What Do I Need to Know About TV Converter Boxes

With the conversion to all digital broadcast television only weeks away, MrGumby59 asked the Answer Line forum what he needs to know about converter boxes.

If you get your TV signal through an antenna instead of cable or a satellite dish, and your television isn't already showing you digital as well as analog stations, you will need a converter box to continue watching TV. (Unless, of course, you want to buy a new TV or subscribe to cable or satellite service. But buying a converter box is a lot cheaper.)

It's probably too late to get government help with this purchase. The federal government was giving away $40 rebate coupons, but program has reached its funding ceiling. More coupons may be issued as already-issued coupons expire unused, but I wouldn't count on it.

What box should you buy? I can't personally recommend one over another, but forum regular Mphenterprises researched specific brands, and "The one that stood out the most is the Digital Stream DTX9900." Xaxo likes the DTV box is by DishNetwork, which has a TV Guide service, while Earthbru bought the Insignia and thinks "it is great."

Digital Stream DTX9900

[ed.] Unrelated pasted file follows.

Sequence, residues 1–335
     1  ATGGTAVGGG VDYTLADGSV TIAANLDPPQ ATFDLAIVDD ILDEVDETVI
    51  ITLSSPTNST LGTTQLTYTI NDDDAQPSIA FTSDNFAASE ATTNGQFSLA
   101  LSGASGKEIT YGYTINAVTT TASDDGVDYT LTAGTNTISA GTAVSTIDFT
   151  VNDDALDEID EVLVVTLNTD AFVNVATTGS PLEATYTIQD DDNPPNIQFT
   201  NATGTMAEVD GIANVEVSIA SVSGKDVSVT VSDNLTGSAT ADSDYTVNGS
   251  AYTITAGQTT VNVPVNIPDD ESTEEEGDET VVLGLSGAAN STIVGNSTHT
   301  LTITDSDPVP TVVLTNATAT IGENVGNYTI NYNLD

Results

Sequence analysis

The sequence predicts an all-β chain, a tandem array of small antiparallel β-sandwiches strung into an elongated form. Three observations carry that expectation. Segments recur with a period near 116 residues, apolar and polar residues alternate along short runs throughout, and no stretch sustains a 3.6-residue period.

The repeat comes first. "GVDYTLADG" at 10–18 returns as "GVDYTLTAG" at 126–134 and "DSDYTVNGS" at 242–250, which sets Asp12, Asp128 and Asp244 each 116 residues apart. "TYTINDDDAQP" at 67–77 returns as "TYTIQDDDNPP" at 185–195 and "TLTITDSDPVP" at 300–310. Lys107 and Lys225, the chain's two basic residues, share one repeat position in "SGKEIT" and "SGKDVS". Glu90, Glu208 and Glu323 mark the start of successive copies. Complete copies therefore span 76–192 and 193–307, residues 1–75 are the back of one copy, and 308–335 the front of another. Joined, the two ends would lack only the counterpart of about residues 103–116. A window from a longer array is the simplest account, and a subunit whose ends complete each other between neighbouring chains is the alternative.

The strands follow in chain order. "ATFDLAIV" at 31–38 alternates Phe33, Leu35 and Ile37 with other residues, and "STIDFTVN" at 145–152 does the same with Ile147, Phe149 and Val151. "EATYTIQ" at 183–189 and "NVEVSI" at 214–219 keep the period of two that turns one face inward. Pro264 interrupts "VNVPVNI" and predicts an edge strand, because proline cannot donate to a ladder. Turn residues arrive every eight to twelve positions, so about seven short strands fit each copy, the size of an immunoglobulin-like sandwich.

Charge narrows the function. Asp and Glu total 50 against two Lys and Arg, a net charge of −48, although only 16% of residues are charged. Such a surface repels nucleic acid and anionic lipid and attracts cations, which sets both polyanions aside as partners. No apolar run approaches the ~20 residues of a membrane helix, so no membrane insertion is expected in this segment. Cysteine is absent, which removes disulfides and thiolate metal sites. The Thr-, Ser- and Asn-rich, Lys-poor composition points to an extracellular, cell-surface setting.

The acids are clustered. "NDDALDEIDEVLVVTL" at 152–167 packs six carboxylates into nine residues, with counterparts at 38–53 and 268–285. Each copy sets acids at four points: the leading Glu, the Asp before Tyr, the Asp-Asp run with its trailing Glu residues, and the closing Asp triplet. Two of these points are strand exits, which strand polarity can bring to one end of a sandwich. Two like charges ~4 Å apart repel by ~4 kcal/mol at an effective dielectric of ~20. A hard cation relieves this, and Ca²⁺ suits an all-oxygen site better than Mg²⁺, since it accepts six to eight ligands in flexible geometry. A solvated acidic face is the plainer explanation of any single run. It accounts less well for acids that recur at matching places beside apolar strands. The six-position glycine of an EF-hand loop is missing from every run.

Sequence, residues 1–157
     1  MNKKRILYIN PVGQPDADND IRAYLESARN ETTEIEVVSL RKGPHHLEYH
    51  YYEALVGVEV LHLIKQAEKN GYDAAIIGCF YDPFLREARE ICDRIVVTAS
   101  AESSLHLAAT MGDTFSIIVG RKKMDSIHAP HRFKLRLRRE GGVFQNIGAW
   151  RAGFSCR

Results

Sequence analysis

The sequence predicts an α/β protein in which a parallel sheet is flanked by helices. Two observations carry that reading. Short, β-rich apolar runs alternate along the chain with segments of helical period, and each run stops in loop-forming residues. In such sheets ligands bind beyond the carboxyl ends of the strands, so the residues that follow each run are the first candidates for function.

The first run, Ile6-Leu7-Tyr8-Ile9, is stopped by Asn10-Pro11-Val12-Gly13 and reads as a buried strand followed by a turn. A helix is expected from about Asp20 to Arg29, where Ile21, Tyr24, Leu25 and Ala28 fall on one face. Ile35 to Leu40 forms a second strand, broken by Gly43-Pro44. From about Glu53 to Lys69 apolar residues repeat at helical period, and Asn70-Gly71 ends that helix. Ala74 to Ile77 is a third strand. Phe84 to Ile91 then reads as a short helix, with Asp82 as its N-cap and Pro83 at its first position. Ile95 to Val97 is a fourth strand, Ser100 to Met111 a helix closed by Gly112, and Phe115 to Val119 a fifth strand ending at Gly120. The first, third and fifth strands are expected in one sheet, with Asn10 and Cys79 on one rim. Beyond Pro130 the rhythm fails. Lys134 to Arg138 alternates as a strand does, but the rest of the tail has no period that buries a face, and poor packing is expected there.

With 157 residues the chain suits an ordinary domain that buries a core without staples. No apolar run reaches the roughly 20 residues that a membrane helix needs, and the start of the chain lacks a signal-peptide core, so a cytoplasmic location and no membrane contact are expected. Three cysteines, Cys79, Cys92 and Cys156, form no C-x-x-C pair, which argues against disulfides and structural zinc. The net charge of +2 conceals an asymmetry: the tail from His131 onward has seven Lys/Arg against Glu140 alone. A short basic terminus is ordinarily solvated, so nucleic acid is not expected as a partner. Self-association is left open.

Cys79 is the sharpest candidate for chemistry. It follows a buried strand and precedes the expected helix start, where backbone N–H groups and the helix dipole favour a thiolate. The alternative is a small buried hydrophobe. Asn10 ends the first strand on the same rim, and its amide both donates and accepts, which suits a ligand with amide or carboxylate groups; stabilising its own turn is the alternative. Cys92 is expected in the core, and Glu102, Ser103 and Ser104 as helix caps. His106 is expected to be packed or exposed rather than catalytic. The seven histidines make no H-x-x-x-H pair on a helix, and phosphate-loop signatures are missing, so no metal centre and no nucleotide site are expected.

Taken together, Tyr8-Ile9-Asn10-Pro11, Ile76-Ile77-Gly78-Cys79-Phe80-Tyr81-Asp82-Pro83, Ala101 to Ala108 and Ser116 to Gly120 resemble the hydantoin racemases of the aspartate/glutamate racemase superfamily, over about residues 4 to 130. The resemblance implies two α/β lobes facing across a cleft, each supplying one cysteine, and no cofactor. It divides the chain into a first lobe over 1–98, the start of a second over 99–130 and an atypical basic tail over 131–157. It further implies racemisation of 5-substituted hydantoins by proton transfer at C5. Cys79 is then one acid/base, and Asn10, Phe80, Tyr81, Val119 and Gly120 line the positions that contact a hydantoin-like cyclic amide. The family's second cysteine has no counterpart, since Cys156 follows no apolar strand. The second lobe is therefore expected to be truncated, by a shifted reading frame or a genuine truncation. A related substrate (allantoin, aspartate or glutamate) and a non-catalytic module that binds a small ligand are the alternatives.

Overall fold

Connecting a converter box is much like daisy-chaining a DVR or VCR. You disconnect your antenna from your TV, connect the antenna to the converter box's Antenna In port, use another cable (quite probably included with the box) to connect the converter to the TV, then plug in the power cord.

After February 17, your TV's built-in tuner will be unable to pick up channels, so it's important that it can pick up the converter box. Chances are your converter box will have a channel switch with options to output an analog signal as either channel 3 or channel 4. It really doesn't matter which you pick; just make sure you tune your TV to that station and keep it there.

The good news is you'll now get more stations. Some of those stations will probably be HD, and the converter box will downconvert them to work on your standard def TV. The box should give you several options for handling 16x9 signals on your 4x3 TV; I recommend letterboxing the image.

My thanks to all the folks on the Answer Line Forum whose suggestions contributed to this answer, especially Mphenterprises and Mjd420nova. You can read the original conversation at http://forums.pcworld.com/message/174571

Add your comments to this article below. If you have other tech questions, email them to me at answer@pcworld.com, or post them to a community of helpful folks on the PCW Answer Line forum.

Subscribe to the Now Playing Newsletter

Comments